cannelure, which is where the cartridge is crimped to secure the bullet
onto the cartridge until it is fired.
One can see the crimping serrations or notches within the cannelure. The
following picture is a blown-up portion of the WC side view showing this
cannelure, with the lands and grooves notated by colored letters the same
as the 4-groove WC picture.
Yellow lines are drawn along each land-groove transition; white lines show the big scratch within the blue land; and horizontal cyan lines are drawn in the valley of each notch within the cannelure. We can determine the number of notches there are over the full circumference of the bullet by counting the number of notches we see in 1/4 of the circumference. Assuming the bullet is a cylinder (a 3-dimensional object), we can measure its diameter on the 2-dimensional picture. Using trigonometry we find that the central .707 of the diameter encompasses one fourth of the circumference. After measuring the diameter and the central .707 portion, one can count precisely 11 notches, which leads to the conclusion that there are 44 notches around the entire bullet. Now it is a simple matter to count how many notches are enclosed in the span of a groove or a land, and I come up with 4 notches for the red groove and 7 notches in the blue land (including the scratch). Since there are 11 notches in a land+groove span and 44 notches in all, the conclusion is 4 grooves and 4 lands. Examination of the HSCA picture also shows 4 notches per groove and 7 per land.
In the late 60's Harold Weisberg went to the archives and took the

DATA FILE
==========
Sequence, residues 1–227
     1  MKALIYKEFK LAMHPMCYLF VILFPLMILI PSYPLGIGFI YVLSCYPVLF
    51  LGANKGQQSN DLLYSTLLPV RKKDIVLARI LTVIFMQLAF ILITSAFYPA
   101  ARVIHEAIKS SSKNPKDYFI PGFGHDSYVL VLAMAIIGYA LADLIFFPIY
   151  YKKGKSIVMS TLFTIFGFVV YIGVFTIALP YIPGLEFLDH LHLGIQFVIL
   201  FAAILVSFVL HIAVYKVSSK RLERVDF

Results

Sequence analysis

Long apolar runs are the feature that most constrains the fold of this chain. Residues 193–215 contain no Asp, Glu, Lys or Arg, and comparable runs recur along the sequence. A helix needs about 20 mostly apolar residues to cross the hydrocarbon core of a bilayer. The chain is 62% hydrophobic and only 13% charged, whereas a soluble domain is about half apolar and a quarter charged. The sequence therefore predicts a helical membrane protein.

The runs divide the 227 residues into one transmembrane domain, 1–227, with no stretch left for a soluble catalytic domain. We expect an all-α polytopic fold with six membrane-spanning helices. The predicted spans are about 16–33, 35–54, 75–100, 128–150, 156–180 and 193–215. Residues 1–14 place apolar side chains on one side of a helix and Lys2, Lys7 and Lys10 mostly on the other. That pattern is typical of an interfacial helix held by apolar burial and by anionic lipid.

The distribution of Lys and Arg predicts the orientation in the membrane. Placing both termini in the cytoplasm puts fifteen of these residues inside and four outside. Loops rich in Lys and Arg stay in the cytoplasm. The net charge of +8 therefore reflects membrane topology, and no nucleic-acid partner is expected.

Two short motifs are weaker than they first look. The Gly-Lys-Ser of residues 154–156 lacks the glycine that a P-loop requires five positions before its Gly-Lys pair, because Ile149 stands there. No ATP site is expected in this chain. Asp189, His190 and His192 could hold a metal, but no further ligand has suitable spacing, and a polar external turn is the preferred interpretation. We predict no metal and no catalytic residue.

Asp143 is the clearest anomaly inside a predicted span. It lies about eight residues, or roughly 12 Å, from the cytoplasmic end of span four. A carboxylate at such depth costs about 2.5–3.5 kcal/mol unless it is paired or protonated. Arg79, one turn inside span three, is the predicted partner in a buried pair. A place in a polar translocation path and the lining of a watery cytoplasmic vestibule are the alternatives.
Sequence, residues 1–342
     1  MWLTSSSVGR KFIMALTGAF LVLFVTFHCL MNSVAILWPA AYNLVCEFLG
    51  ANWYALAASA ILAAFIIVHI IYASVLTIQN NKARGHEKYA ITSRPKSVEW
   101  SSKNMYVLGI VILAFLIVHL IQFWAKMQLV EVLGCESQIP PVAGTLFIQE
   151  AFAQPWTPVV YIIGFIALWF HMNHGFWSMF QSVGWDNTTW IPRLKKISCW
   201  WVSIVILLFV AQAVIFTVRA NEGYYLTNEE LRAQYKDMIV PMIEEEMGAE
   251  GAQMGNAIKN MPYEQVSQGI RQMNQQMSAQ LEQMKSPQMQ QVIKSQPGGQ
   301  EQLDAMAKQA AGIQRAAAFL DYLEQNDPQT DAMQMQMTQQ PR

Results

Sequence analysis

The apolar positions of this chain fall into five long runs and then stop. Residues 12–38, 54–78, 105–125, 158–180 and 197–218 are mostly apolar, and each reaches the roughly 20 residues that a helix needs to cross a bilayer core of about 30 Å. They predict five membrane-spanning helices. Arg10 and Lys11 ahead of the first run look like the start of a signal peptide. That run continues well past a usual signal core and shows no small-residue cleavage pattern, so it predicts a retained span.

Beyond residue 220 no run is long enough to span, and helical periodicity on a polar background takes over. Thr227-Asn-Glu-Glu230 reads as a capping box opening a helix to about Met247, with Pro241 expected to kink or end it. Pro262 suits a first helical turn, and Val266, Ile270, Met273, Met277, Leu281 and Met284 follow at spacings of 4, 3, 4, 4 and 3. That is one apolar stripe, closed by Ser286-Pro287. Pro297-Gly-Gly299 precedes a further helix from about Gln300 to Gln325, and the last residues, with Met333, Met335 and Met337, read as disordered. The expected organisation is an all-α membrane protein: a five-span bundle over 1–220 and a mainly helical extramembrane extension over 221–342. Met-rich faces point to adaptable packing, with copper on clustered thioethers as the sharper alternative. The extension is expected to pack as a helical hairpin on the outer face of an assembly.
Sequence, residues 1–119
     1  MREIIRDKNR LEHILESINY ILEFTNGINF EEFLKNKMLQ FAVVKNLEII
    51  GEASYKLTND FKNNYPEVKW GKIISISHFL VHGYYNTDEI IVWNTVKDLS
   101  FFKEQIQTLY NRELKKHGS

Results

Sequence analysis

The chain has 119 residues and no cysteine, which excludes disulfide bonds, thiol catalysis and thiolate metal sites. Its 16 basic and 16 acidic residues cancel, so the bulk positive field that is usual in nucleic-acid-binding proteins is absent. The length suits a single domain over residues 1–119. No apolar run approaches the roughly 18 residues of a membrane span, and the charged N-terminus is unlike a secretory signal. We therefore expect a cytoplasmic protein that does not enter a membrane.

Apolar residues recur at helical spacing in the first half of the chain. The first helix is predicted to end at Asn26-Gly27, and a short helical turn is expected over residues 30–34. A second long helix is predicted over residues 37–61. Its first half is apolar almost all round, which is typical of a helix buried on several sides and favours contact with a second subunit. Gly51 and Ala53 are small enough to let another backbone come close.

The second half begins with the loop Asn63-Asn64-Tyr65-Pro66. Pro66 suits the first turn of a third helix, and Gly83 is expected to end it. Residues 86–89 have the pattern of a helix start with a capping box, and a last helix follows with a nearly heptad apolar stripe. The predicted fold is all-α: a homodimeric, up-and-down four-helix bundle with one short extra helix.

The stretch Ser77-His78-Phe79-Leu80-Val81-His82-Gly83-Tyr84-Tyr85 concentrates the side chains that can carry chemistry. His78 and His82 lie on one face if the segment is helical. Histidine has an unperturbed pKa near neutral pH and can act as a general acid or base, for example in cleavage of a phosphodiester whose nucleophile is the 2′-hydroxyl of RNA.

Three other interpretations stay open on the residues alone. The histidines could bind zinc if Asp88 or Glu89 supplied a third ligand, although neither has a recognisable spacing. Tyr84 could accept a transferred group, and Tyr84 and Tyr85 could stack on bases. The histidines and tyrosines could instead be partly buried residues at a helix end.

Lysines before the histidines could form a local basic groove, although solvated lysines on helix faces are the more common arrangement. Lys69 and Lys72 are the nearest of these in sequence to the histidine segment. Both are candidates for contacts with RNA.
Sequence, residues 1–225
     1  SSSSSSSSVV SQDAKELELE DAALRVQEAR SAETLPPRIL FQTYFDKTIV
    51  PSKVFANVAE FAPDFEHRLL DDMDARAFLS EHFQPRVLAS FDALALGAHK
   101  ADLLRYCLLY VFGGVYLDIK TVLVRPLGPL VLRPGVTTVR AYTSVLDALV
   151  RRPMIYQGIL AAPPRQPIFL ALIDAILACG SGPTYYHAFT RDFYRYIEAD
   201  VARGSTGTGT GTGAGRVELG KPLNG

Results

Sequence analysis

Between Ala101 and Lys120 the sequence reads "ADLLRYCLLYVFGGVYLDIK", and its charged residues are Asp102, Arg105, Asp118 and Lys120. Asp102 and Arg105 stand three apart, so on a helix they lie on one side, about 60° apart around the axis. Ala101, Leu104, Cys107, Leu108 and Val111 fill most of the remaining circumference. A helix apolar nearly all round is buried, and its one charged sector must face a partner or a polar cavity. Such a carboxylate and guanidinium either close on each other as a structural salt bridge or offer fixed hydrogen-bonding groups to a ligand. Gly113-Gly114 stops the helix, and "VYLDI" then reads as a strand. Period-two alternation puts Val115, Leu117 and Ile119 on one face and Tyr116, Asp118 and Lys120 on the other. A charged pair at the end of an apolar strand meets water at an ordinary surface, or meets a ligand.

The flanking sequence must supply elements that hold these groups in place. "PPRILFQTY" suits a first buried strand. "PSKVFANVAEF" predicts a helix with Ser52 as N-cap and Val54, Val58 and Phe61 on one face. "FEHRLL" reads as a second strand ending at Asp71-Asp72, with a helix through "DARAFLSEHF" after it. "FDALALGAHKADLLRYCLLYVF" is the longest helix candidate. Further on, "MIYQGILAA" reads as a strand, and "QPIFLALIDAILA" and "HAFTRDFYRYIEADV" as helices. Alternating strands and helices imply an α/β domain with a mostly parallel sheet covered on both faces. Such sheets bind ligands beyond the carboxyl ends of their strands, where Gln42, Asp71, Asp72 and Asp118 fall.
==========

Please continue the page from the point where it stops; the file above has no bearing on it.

following pictures of the bullet:
These are sharper than the previous pictures, where it is clear that the left picture is of the same view as the edge view above, and the right picture is the same as the WC flat view.
At the boundary between a land and a groove there is one edge, because the elevation or distance from the center only changes once -- from low to high or from high to low. That is why this boundary shows up as one line. A scratch, however, is a V- or U-cut with two edges as the elevation goes down and back up. That is why we see a double line that delineates the scratch in the above pictures.
Weisberg also took a slant-view picture of the end of the bullet. This
provides further evidence of a scratched 4-groove bullet:
Wherever a groove has been cut into the jacket, the jacket will be thinner, as can be seen by the cross-section of the jacket in the above view. The cyan arrows show the jacket thickness for a land, and the yellow arrows show the thickness for a groove. Notice how the jacket changes from thick (land) to thin (groove) at each land-groove boundary. Then notice the scratch within the blue land and how the jacket thickness doesn't change, proving it is not a land-groove interface. This same observation can be seen, although not as clearly, in the bullet end-view shown previously, where all 4 grooves and lands can be counted due to the thin and thick portions of the jacket cross-section.
The 6-groove theorists say that the bullet in the archives has 4 grooves and so we cannot see what the WC picture shows. But if I'm right, then someone could easily examine the bullet and take pictures from all sides to reproduce the WC side with scratches and the HSCA side with chips cut out of the tip. This makes me wonder why the original photographers for both the WC and the HSCA did not take pictures from all six sides and show them.
This has been a discussion of the grooves and scratches in the bullet 399
as revealed by photographic evidence. I believe it shows the bullet
originally seized by Secret Service on November 22, 1963, is the same one
in evidence today and has never been switched. This in no way exonerates
the conspiracists, considering the suspicious nature in which the bullet
was obtained and from where, considering this bullet cannot have been the
one that broke Governor Connally's bones due to its lack of damage, and
especially considering that there were no microscopic traces of biological
cells or of clothing impressions found anywhere on the missile.